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TV series gives Park Chan-wook creative space: Famed auteur shows his skills in the director’s cut of ‘The Little Drummer Girl’

Mar 30,2019
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Park Chan-wook, 56, is famous for films “Oldboy” (2003) and “The Handmaiden” (2016). [WATCHA PLAY]
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Left: Michael Shannon. Center: Florence Pugh and Alexander Skarsgard. Right: Director Park Chan-wook during filming of “The Little Drummer Girl,” his first TV series about an English actress hired by Israelis to infiltrate a Palestinian terrorist cell. [WATCHA PLAY]
Director Park Chan-wook, known for cult classics like noir-action flick “Oldboy” (2003) and erotic thriller “The Handmaiden” (2016), made his debut on the small screen last year through the BBC One and AMC miniseries “The Little Drummer Girl.”

The six-episode drama is an action- and romance-packed adaptation of master spy novelist John le Carre’s 1983 book about an English actress-turned-double agent torn by divided loyalties as she infiltrates a Palestinian terrorist network under Israeli orders.

Featuring solid performances by rising actress Florence Pugh as the lead protagonist Charlie alongside acclaimed stars like Michael Shannon and Alexander Skarsgard, the series concluded its successful run in Britain and the United States last December with a certified 95 percent fresh on Rotten Tomatoes.

On Friday, a director’s cut version of the entire series was uploaded exclusively on Korean streaming platform Watcha Play. This never-before-seen edition was especially made “to realize the vision I had in mind in the beginning” free from broadcasting regulations, according to Park.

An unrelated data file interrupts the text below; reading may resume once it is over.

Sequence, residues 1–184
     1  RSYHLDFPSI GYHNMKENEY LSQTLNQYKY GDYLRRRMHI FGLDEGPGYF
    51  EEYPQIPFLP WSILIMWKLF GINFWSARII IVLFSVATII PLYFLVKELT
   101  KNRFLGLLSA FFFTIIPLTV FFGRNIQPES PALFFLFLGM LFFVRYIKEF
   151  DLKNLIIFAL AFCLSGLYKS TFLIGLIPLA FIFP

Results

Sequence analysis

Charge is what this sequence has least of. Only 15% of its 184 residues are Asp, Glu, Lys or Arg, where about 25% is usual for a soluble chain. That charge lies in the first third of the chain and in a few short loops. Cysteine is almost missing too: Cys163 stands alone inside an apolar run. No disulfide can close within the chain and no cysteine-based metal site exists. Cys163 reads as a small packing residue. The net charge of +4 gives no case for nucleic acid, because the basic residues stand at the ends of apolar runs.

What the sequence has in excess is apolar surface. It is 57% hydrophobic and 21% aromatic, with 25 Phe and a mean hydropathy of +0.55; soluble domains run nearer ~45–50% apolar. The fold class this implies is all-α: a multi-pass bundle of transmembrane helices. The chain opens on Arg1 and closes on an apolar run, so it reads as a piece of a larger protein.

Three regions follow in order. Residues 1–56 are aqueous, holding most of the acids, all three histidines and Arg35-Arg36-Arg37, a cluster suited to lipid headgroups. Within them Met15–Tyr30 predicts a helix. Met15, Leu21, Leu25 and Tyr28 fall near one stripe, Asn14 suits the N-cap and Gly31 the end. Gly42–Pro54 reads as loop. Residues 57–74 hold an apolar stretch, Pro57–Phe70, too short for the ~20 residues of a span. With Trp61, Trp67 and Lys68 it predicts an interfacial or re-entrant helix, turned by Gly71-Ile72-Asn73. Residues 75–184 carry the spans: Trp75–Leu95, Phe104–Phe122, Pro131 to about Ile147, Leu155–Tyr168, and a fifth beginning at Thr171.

“I feel like the long time I spent on this project is finally coming to a wrap,” the director told the JoongAng Ilbo, an affiliate of the Korea JoongAng Daily, during an interview on Monday in Seoul ahead of the release of the director’s cut.

“The preview screening at a theater last Saturday was the first time I saw the entire series. I had felt like something was unfinished before, but after seeing the director’s cut, I feel like now it’s done.”

The following are excerpts from the interview.



Q. How did you end up making “The Little Drummer Girl” into a miniseries rather than a movie?

A
. Although I’ve been a fan of le Carre for a long time, I only got into “The Little Drummer Girl” relatively recently following my wife’s recommendation. I didn’t warm up to the novel at first because it featured a seemingly average female protagonist and romance, when I like works like “Tinker Tailor Soldier Spy” and “Smiley’s People” that described the world of spies in cold and dry detail. But half way through, I realized it went deeper than just another spy novel. It was a masterpiece worthy of a Nobel Prize in Literature.

I sought out le Carre’s two sons and told them I wanted to work with the novel. I thought it would be a shame to cut out characters by turning it into a movie. After watching the 1984 American film version of “The Little Drummer Girl,” I realized what kind of disaster might occur if I tried shortening things by force.